June 3, 2019 / 1:09 PM / 22 days ago

Russia rebuffs Ukraine's case over rebel support at U.N. court

Judges at the U.N.'s highest court are seen during a hearing in a case launched by Ukraine which alleges Moscow is funding pro-Russian separatist groups in Ukraine, in The Hague, Netherlands June 3, 2019. REUTERS/Eva Plevier

THE HAGUE (Reuters) - Russia told a hearing at the International Court of Justice (ICJ) on Monday that the court lacks jurisdiction in a case filed by Ukraine against Moscow over its alleged support of pro-Russian separatists in the Crimea and eastern Ukraine.

In a 2017 filing to the ICJ, also known as the World Court, Ukraine asked judges to order Russia to stop alleged funding and equipping of pro-Kremlin forces and halt alleged discrimination of the Crimean Tartar ethnic group.

Moscow has repeatedly denied sending troops or military equipment to eastern Ukraine and says Kiev’s claim is a roundabout way of having the court rule on the legality of Russia’s 2014 annexation of Crimea. Fighting in eastern Ukraine between pro-Russian rebels and Ukrainian government forces has claimed roughly 13,000 lives.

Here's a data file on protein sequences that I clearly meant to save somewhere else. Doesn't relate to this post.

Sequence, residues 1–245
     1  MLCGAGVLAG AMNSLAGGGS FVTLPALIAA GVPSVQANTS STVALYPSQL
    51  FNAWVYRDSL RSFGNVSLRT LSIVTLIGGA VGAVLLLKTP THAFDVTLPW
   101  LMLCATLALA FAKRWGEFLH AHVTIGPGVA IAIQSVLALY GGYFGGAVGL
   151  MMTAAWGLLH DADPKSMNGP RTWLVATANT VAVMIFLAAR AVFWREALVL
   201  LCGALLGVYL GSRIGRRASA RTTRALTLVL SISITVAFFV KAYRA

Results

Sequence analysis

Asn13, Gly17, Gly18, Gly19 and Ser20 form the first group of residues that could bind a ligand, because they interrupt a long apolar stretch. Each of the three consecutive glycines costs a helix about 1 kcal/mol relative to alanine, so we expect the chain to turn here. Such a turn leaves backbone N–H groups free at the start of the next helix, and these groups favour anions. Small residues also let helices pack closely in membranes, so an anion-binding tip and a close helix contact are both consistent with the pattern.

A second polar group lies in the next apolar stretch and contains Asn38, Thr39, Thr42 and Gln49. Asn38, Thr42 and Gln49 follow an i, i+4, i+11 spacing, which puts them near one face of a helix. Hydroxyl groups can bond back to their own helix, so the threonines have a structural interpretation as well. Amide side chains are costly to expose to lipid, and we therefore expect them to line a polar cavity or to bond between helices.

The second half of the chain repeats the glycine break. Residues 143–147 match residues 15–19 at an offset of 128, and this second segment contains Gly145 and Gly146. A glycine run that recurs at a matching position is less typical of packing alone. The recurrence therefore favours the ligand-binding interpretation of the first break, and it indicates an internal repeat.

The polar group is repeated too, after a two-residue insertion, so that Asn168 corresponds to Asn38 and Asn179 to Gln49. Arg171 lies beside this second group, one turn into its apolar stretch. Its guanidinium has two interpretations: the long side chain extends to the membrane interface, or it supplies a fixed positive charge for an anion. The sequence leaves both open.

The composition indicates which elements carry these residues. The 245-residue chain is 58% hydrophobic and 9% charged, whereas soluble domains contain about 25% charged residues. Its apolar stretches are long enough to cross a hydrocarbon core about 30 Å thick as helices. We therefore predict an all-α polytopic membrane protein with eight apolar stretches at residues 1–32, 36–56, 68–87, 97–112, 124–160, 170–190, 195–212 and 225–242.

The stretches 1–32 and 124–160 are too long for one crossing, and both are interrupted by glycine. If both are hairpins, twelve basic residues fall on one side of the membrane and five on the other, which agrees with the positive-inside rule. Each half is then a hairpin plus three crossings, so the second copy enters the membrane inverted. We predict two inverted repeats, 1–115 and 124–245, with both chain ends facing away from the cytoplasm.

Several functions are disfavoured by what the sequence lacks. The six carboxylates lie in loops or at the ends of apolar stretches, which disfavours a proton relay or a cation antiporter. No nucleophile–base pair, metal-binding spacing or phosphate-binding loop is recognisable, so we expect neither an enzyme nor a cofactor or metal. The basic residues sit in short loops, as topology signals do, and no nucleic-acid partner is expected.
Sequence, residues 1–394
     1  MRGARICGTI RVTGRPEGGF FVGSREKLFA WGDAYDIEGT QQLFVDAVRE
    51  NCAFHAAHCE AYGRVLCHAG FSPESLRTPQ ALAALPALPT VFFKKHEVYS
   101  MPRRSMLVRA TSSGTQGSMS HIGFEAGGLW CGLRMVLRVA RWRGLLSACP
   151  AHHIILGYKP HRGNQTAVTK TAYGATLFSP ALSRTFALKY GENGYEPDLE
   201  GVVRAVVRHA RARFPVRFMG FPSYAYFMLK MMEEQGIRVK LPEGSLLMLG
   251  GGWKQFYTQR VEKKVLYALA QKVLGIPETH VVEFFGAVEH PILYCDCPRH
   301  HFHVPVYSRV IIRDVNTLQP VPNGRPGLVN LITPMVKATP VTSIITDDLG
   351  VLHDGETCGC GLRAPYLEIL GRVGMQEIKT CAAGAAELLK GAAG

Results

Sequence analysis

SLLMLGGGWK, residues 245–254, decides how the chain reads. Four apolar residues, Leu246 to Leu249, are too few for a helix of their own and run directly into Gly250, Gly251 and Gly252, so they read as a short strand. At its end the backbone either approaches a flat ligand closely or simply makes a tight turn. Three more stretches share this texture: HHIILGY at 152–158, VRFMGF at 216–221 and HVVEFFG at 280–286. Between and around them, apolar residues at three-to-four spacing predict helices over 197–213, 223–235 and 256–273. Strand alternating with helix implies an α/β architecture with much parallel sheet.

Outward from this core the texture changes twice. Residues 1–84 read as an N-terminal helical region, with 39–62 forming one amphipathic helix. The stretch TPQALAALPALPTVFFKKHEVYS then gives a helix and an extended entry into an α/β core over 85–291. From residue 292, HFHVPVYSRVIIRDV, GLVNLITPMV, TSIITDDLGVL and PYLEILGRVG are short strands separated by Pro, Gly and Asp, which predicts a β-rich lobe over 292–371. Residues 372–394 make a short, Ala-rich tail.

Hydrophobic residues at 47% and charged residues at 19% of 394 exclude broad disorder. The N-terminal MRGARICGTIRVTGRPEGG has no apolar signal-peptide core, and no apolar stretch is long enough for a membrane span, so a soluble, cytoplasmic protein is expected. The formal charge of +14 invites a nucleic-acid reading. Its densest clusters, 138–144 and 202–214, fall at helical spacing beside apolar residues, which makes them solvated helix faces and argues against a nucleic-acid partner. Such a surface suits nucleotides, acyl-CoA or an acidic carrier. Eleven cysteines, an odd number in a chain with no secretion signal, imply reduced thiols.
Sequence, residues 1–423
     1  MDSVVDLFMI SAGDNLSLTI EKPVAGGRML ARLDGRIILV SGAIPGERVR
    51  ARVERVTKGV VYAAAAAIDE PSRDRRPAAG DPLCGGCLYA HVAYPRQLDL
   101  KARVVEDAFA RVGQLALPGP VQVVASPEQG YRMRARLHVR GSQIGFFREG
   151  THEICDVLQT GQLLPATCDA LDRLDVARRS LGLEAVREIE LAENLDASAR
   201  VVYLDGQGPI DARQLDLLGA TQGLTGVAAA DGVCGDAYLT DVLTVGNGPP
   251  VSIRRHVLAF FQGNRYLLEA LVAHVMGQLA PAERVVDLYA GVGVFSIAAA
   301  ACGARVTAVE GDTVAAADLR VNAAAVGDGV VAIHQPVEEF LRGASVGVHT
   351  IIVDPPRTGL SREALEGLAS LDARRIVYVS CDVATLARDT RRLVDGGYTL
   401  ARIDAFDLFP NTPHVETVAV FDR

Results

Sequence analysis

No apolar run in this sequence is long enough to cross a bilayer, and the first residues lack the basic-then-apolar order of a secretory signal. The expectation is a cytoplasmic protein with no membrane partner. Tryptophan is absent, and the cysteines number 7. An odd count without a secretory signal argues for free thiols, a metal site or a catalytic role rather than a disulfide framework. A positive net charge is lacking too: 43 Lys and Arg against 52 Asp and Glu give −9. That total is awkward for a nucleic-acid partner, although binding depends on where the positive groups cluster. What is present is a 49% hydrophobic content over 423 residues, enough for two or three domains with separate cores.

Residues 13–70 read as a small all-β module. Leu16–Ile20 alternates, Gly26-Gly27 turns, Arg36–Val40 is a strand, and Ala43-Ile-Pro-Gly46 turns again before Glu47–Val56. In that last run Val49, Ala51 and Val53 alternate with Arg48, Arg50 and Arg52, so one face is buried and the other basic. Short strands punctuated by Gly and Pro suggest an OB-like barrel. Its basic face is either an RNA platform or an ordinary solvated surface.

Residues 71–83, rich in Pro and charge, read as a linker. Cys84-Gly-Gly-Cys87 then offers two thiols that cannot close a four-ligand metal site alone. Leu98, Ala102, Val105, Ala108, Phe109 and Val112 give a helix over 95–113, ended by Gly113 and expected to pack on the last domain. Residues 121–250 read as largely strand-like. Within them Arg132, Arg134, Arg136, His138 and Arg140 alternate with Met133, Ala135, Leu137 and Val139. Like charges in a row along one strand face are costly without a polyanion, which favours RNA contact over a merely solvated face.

“The case brought by Ukraine should be dismissed for lack of jurisdiction,” Dmitry Lobach, Russia’s ambassador-at-large who is representing Moscow in the case, told the court.

He denied Ukraine’s accusation that Russia was involved in the downing of Malaysia Airlines flight MH17 over rebel-held Ukraine in July 2014 and had thereby violated the U.N. anti-terrorism convention.

Kiev had failed to show that Moscow had the “intent and knowlegde” required by the convention which would trigger jurisdiction of the court, he said.

The airline crashed after being hit by a Russian-made Buk missile, killing 298 passengers and crew.

Lobach said a six-country investigative team led by the Netherlands - which concluded that the launcher carrying the surface-to-air missile had come from a Russian base - gave “no answer why the aircraft was shot down and who was responsible”.

This week’s hearings will focus only on the question of jurisdiction, a decision on which could be rendered late this year or early in 2020.

Editing by Anthony Deutsch and Raissa Kasolowsky

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